You’re going to need some patience in order to rock this grungy glam.
A new beauty trend called “marinated makeup” is the latest obsession on TikTok — and the marvelously messy look marks a strong shift away from the fresh-faced, polished “clean girl aesthetic” that heated up summer.
Seemingly an homage to ’90s grunge, women have scrapped the notion of precise, freshly-painted foundation, instead opting to let cosmetics marinate on their skin to achieve an undone, lived-in look — think how your face looks coming home from a night out at 4 AM.
Trendsetters of the internet have flocked to the fad, too: #MarinatedMakeup has 50.2 million views on TikTok with many dishing their secrets to the slept-in style and marveling over how foundation looks better after letting it sink in.
“What is the science behind makeup looking so much better at the end of the day once it’s marinated for a few hrs,” one user wrote on a clip with over 9,000 views. “And when the eye makeup is slightly smudgy but still looks just right.”
One commenter suggested “marinating” is all the rage because it “melts into your skin, becomes part of you, blends with your essence.”
Some have even dubbed it the next trend once the “clean girl” fad loved by the likes of Hailey Bieber is forgotten.
Coco Mocoe, who posts TikToks predicting trends well before they boom, claims the look is not inspired by ’90s grunge pioneered by Marc Jacobs and Nirvana, but rather by the turn-of-the-millennium milieu during Taylor Momsen’s and Avril Lavigne’s heyday.
In a video with 2.4 million views, she said “pop culture swings like a pendulum,” which leads her to believe the grunge look will soon be in vogue.
“The trick is it’s not going to be like the YouTube beauty MUAs, where they had their full face of foundation,” she stated. “It’s going to be little to no makeup on the face and just emphasis on the eyes.”
While the “marinated” trend focuses on that barely-there foundation look, Mocoe said the look is supposed to mimic the morning after “going out.”
She’s not the only trend forecaster who agrees, either.
Maybelline’s global trend director Dominica Baird told Nylon magazine the new look is “merging the two worlds of Y2K nostalgia and the new resurgence of nightlife.”
Indie singer Beabadoobee is leading Gen Z’s fascination with grunge, too, and has been an early adopter of the “marinated makeup” look, showing Vogue how she achieves her sought-after makeup hack — faux freckles and all.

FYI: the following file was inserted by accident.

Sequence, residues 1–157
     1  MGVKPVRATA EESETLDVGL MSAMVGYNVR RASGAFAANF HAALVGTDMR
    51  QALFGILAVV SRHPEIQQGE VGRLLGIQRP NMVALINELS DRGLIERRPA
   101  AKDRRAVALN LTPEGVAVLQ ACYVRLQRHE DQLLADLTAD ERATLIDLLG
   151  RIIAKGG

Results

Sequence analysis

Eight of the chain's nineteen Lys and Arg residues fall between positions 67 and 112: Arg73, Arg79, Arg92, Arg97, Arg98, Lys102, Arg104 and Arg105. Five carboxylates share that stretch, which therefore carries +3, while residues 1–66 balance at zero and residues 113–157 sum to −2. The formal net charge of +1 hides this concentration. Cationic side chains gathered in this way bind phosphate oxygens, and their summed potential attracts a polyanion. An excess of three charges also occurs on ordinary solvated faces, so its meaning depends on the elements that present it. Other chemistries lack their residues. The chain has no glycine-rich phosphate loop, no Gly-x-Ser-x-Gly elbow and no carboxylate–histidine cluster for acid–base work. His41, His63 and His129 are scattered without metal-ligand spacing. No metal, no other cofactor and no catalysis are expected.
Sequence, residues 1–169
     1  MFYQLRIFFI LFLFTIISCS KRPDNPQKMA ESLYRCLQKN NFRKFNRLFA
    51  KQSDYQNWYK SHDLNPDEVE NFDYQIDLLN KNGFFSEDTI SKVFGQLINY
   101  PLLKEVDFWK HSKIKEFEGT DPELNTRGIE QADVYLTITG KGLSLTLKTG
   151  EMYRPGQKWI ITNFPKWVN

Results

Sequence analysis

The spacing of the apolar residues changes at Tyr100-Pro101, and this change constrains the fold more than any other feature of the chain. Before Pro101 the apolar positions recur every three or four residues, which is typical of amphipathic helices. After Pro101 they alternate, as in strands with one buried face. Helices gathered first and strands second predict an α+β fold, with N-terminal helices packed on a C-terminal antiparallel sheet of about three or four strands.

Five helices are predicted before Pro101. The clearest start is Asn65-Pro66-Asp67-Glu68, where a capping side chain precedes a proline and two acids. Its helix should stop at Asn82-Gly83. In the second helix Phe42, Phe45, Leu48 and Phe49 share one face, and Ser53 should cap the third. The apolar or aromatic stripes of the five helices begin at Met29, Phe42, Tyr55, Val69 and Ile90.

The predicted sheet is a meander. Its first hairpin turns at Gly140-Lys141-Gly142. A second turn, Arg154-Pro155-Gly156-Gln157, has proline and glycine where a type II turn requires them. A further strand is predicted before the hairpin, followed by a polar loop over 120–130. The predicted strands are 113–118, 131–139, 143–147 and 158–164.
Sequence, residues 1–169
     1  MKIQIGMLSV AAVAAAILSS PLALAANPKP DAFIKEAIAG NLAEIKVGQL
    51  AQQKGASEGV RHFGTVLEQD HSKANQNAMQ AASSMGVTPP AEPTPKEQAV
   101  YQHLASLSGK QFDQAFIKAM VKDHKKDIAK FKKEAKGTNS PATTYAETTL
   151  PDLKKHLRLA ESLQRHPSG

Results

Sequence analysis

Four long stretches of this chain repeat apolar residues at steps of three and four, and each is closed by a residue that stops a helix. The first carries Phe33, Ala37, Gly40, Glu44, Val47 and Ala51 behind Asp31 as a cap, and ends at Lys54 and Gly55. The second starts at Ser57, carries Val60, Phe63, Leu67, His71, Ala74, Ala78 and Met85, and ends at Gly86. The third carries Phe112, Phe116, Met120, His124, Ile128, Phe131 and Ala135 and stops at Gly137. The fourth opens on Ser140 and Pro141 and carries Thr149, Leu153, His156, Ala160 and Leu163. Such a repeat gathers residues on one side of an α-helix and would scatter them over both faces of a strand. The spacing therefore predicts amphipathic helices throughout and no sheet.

TikTok approves, too. “Real ones know you have to let your makeup marinate,” one person wrote on clip with 136,000 likes while she showed off her dewy skin.
“U gotta let your makeup marinate for it to lewk good and flawless,” added another on a video with over 220,000 views.
Others shared their own hacks for “marinated makeup,” all of which cost nothing but time.
“A little body heat is the secret ingredient,” one viewer wrote. “Especially when you napped with it for a few mins/hours and it’s like ~skin~ after,” commented another.
Another user, who only goes by Arabella online, showed her routine complete with blush and a smoky eye with jet black winged eyeliner. After putting on barely any foundation or concealer, she then cut to a frame of her plopping into bed — all to the tune of a remix of t.A.T.u.’s 2002 hit, “All The Things She Said.”
“Going to lay down and let the makeup marinate,” the text on the clip reads.
But if you don’t have time to take a power nap or wait around for hours until the foundation blends with your skin, other content creators have shown how they achieve the look in minutes.
TikToker Shayne Marie demonstrated how “lazy” beauty buffs can get the lived-in makeup look in a clip with over 42,000 views.
“Letting it sit is one, kind of a hack if you’re lazy and trying to do a million things at once,” she said. “But it allows your body to kind of warm up the concealer so it blends better.”
After letting it soak for a few minutes on her skin, she uses her finger to blend out the concealer placed at the corners of her nose, her cheeks and under her eyes, letting it mix with her “natural oils.”
But don’t be fooled by napping; no one’s getting a full night’s sleep in their makeup. In fact, that would be a dermatologist’s worst nightmare.
NYC dermatologist Dr. Sue Ann Wee told Byrdie that “makeup can trap dirt and environmental pollutants inside the skin,” which can ultimately cause “DNA mutations, collagen degradation, and, over time, can result in premature aging.”
In addition to acne, it can also cause dull, dry skin, which is the opposite look “marinated makeup” seeks to achieve.
Simply put, according to Dr. Wee, “sleeping with makeup on is not a good idea.”
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